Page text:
Assess Your Strengths

Assess Your Strengths

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  1. Learners will be able to describe their own strengths.
  2. Learners will be able to reflect on how their strengths could help them at work.

What are you good at? We all have strengths and talents, but we don’t always take the time to explore them. While having chances to use our strengths can make us feel more satisfied with our lives, we have to know them to use them. In this lesson, first, we’ll talk a little about what strengths are. Then, you’ll take a strengths assessment to learn about your own strengths and how you can use them in your future career.

What do you think your strengths are? How do you think you’ve used them at work or school in the past?

Strengths vs. Talents

When most of us think about our strengths, we actually tend to think of talents instead. Talents, like being a good singer or being able to run fast, are important to our identities, but aren’t technically strengths. While talents can improve with practice, they’re usually limited by our genetics - it’s a lot harder for someone who’s 5 feet tall to dunk a basketball than someone who is 6 feet tall.

two people playing basketball

Strengths, on the other hand, have no natural limits. Our strengths, like gratitude, bravery, and leadership, help us understand how we think, feel, and behave. Using your strengths should make you feel energized and genuine. Since we are more likely to enjoy doing things we're good at, knowing our strengths can help us find the best roles for ourselves. And since strengths, unlike talents, don't have natural limits, it’s important to approach our strengths with a growth mindset, or the belief that we can get better at things. By approaching our strengths with a growth mindset, we can improve on the things we’re already good at as well as our weaknesses.

Have you ever worked with someone who only focused on your weaknesses? How did it make you feel?

Why are strengths important?

In the last section, we talked about how our strengths can make us feel energized and genuine. But while it's important it is for us to know our own strengths so we can grow them, it's also important for us to be able to advocate for jobs and roles that focus on our strengths instead of weaknesses. Here are a few reasons strengths are important in the workplace.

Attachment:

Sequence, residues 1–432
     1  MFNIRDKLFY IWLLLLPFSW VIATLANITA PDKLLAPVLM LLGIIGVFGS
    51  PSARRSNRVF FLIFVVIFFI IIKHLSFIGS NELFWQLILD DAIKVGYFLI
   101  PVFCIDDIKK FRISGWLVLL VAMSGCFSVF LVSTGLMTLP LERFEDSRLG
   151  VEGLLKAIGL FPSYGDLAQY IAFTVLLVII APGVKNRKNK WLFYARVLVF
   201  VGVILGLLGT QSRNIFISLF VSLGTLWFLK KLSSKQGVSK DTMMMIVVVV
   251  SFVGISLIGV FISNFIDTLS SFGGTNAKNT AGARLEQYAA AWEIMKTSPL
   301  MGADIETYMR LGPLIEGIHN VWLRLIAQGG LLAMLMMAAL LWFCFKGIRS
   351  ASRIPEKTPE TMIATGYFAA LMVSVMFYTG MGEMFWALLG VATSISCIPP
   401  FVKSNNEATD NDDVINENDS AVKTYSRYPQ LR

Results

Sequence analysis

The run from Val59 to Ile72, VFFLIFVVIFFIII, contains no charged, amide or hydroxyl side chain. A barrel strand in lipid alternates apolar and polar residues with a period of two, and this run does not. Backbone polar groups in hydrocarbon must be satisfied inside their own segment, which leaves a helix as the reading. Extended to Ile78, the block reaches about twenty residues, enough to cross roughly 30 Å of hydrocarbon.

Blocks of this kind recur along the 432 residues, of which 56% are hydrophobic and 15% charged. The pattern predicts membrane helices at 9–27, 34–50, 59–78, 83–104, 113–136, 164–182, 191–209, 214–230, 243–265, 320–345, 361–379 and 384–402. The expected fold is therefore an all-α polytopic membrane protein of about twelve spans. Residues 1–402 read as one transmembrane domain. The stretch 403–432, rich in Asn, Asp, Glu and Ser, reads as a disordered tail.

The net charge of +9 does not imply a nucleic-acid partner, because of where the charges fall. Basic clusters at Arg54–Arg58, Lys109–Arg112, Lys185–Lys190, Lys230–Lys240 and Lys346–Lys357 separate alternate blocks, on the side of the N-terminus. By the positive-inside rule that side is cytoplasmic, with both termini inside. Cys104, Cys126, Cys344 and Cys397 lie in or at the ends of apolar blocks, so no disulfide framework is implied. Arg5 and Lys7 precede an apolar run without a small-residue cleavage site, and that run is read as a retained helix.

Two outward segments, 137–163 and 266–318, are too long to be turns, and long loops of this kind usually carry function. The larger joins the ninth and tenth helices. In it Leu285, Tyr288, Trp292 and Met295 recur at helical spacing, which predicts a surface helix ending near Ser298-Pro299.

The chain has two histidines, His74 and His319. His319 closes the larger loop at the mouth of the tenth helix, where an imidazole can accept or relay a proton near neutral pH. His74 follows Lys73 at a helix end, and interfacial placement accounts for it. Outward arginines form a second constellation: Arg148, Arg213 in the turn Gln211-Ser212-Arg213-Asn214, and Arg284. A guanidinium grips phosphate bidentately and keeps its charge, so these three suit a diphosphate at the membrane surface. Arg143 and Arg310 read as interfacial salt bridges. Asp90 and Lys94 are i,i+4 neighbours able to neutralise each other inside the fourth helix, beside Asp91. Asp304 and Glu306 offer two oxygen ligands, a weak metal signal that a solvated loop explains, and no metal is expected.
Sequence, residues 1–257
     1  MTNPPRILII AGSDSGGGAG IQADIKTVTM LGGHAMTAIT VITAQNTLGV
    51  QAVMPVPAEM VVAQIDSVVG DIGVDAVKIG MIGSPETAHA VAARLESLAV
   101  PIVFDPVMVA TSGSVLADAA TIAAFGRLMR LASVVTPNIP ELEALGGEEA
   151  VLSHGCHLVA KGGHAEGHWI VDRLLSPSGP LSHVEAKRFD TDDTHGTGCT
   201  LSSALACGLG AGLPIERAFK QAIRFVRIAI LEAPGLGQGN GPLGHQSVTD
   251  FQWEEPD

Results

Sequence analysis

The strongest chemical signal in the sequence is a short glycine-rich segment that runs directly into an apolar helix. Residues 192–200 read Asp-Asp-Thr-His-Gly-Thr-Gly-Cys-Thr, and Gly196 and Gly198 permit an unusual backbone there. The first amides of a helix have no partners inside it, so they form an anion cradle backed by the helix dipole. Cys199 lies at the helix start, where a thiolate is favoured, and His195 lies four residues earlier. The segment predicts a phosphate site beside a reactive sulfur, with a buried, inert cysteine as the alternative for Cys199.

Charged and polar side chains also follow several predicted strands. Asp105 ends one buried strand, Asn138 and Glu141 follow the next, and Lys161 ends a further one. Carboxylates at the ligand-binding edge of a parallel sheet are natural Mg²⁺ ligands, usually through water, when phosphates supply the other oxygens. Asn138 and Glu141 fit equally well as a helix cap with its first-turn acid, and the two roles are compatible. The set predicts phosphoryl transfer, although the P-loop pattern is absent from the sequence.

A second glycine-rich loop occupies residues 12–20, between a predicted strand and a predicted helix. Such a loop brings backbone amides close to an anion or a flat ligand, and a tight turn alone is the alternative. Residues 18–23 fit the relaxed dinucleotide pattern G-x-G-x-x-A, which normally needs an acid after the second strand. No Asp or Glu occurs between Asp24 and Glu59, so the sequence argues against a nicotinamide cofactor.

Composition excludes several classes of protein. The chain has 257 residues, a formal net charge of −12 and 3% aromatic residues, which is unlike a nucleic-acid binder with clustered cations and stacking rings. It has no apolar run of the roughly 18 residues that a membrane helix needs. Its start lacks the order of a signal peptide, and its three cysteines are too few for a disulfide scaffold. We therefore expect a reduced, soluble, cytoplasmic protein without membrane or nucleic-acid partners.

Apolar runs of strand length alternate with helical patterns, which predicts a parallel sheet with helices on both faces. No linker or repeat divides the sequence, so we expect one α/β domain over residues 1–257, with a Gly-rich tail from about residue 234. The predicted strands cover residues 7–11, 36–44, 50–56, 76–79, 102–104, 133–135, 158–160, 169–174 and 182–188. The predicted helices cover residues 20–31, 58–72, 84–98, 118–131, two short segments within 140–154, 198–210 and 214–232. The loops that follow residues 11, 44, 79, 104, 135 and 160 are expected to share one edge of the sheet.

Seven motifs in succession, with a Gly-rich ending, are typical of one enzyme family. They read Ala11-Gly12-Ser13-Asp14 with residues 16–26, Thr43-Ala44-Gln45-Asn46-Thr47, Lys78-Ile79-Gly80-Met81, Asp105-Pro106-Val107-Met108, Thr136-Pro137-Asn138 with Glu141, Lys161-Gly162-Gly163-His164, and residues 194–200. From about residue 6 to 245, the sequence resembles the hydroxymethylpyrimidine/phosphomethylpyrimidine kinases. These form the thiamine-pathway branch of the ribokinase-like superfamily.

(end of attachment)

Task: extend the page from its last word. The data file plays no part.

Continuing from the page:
1. When we use our strengths, we feel like we're good at our jobs.

Our strengths are valuable tools we can use at work, but tools are only as useful as they are relevant to the task. A hammer is helpful when you need to nail two boards together, but if you try to use it to open a can of green beans, you'll end up frustrated. Being able to use our strengths at work makes us feel like we have the right tools for the job, making the work feel easier and making us feel better about our abilities.

Tools with traits on the handles

2. When our employers focus on our strengths, we feel valued.

Have you ever had a boss who only tells you what you're doing wrong? It doesn't feel very good. When our employers focus on our weaknesses, rather than our strengths, it can feel like we can't do anything right. As you learn how to take advantage of your strengths, they can help you advocate for yourself in situations where others don't see them as clearly.

A long strengths list and a short weakness list with the emphasis on the weakness

3. Our strengths allow us to continue to grow.

Finally, our strengths are always growing. Unlike talents, strengths have no limit, so as we practice and continue to use our strengths, they get even stronger. As our strengths grow, they can help us access new professional and personal opportunities while being our most authentic selves.

A plant growing into its authentic self

Take the Assessment

Next, you're going to take a strengths assessment. It will take you about 20 minutes to complete. This assessment will help you discover your top 5 or 6 signature strengths. When you're ready, click the button below to begin.

Below, copy and paste your strengths from the assessment.
How do your strengths compare to what you originally thought?
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